Based on a brilliant piece of science fiction ("Oms En Serie" by Stefan Wul). The artwork is stunning, and the story line an original masterpiece.
The plotline of this story is simple.
You enslave a race of beings and take them for granted, one of them eventually learns your language, and unites all his fellow slaves in an organized attack.
Suddenly you've been conquered.
This story line was later ripped off by L. Ron Hubbard and his group of wackos. You might have read the book, or seen the atrocity of a film "Battlefield Earth".
The 2-D animation is something that you can expect from the seventies, but it is very original and innovative for the time. It has the detail and charm of all good illustration books, and, despite the limits in movement, the characters are very expressive and beautifully drawn, as well as the landscapes. The world and atmospheres created by Laloux are superb, both familiar and strange. The Recipe? Mix Dali surreal landscapes, Bosch architecture and fauna/flora creatures, add a hint of 19th century botanical drawings, slowly pour some Pink Floyd-ish music, and whisk all energetically with a fat-free faux-mythological metaphorical story, and you have The Savage Planet, which is the original title of the movie in French.
The story is very interesting and has many possible interpretations and readings: the role of humans in Nature, cohabitation and coexistence of different species and political systems, what makes different species superior and savage, among others. I found funny that the people in the story are called Oms (French word for people is Hommes and it sounds the same as Oms), and the main character is called Terr (the name of earth in French is Terre and sounds the same as Terr).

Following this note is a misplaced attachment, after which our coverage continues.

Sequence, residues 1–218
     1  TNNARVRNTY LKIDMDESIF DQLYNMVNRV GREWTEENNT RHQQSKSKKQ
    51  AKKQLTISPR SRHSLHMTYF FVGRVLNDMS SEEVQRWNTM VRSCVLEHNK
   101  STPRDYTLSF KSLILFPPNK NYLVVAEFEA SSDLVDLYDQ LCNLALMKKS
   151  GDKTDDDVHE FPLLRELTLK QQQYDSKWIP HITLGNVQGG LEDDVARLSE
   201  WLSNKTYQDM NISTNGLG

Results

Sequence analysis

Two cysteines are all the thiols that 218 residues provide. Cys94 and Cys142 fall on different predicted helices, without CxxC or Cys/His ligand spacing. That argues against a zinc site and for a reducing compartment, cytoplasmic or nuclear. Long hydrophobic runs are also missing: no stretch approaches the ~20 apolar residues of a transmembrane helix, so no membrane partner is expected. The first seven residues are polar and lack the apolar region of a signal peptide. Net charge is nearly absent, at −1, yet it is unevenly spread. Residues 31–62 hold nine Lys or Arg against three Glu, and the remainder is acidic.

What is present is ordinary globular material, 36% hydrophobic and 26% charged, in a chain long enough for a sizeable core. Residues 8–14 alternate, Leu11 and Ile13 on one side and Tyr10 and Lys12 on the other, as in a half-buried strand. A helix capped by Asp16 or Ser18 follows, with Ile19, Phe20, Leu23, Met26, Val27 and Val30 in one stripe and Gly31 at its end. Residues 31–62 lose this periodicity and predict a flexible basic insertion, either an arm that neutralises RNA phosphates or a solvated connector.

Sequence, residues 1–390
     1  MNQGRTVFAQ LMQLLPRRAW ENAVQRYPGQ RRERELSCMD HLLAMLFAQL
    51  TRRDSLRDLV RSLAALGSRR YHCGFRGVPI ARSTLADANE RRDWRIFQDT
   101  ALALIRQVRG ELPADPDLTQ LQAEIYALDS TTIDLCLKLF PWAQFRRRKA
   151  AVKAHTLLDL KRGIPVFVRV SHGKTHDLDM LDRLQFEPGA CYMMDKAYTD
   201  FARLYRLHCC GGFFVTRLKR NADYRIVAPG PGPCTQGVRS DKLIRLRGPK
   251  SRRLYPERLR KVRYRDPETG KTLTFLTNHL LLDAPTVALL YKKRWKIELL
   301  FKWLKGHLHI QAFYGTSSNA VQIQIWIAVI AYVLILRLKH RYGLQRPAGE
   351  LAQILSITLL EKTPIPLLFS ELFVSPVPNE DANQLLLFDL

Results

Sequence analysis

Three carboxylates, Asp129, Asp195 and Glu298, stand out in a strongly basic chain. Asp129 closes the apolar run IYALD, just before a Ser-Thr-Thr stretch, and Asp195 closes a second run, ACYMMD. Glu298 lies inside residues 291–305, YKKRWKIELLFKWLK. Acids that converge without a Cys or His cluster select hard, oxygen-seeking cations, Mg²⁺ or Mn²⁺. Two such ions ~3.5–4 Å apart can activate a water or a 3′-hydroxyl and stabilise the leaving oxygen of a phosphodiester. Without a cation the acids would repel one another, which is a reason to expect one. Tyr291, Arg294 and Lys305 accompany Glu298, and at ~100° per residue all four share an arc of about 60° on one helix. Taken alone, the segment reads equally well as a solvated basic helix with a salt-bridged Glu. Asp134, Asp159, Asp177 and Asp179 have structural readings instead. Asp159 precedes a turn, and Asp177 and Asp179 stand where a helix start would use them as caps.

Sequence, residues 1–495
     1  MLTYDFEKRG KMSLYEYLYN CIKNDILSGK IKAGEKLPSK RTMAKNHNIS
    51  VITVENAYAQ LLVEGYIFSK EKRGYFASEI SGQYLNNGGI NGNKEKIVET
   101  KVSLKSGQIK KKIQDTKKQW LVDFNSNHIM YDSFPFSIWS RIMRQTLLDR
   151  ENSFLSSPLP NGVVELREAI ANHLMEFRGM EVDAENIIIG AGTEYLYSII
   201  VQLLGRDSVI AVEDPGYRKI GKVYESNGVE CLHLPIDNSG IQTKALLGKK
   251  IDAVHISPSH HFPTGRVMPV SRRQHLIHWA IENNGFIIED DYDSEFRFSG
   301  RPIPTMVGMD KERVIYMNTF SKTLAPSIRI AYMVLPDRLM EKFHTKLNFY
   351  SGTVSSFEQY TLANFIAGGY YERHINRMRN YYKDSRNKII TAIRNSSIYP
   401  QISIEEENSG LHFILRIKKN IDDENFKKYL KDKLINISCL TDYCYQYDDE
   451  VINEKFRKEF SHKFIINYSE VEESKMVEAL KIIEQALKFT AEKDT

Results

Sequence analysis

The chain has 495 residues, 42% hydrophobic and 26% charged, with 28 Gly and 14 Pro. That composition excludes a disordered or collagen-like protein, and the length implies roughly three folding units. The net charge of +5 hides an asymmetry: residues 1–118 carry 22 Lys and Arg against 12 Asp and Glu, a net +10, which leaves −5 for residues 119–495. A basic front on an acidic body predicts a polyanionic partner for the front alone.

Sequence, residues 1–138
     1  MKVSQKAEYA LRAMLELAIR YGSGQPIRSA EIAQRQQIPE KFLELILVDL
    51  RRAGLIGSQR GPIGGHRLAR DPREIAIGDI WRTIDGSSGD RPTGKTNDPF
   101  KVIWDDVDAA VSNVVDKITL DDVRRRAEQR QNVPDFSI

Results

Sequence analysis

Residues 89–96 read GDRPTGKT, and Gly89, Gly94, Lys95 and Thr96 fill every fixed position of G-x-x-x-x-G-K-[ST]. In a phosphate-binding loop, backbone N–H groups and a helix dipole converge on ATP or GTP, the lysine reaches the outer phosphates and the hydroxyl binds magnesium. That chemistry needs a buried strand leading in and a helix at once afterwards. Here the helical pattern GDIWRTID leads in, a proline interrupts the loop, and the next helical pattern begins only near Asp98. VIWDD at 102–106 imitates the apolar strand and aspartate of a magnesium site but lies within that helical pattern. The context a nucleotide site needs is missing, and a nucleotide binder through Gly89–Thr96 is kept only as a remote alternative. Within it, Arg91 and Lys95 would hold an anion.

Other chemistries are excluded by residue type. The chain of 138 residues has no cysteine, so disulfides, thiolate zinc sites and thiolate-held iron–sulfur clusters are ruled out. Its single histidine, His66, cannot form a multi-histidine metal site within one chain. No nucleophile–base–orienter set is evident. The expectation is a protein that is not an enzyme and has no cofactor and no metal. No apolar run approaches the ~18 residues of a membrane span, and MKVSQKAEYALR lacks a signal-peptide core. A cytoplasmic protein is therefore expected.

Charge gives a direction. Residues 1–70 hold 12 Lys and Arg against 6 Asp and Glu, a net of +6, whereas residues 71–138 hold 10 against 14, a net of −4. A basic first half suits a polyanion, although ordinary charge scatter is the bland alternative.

The main problem with the story and the characters is that they are not always engaging as they don't transmit enough emotion or feeling to the viewer. The viewer doesn't feel empathy towards the poor suffering human pets or towards the aliens, the first because they really act like a pest, and the second because they are too spiritual and developed to tolerate others than themselves. This is all intended, but still frigidly expressed. The lack of thrill is what kills the movie.
Nevertheless, this is one of those animation movies that everybody should see, full of imagination, talent, and landmarks in Animation. A cult movie that deserves the cult. Unique.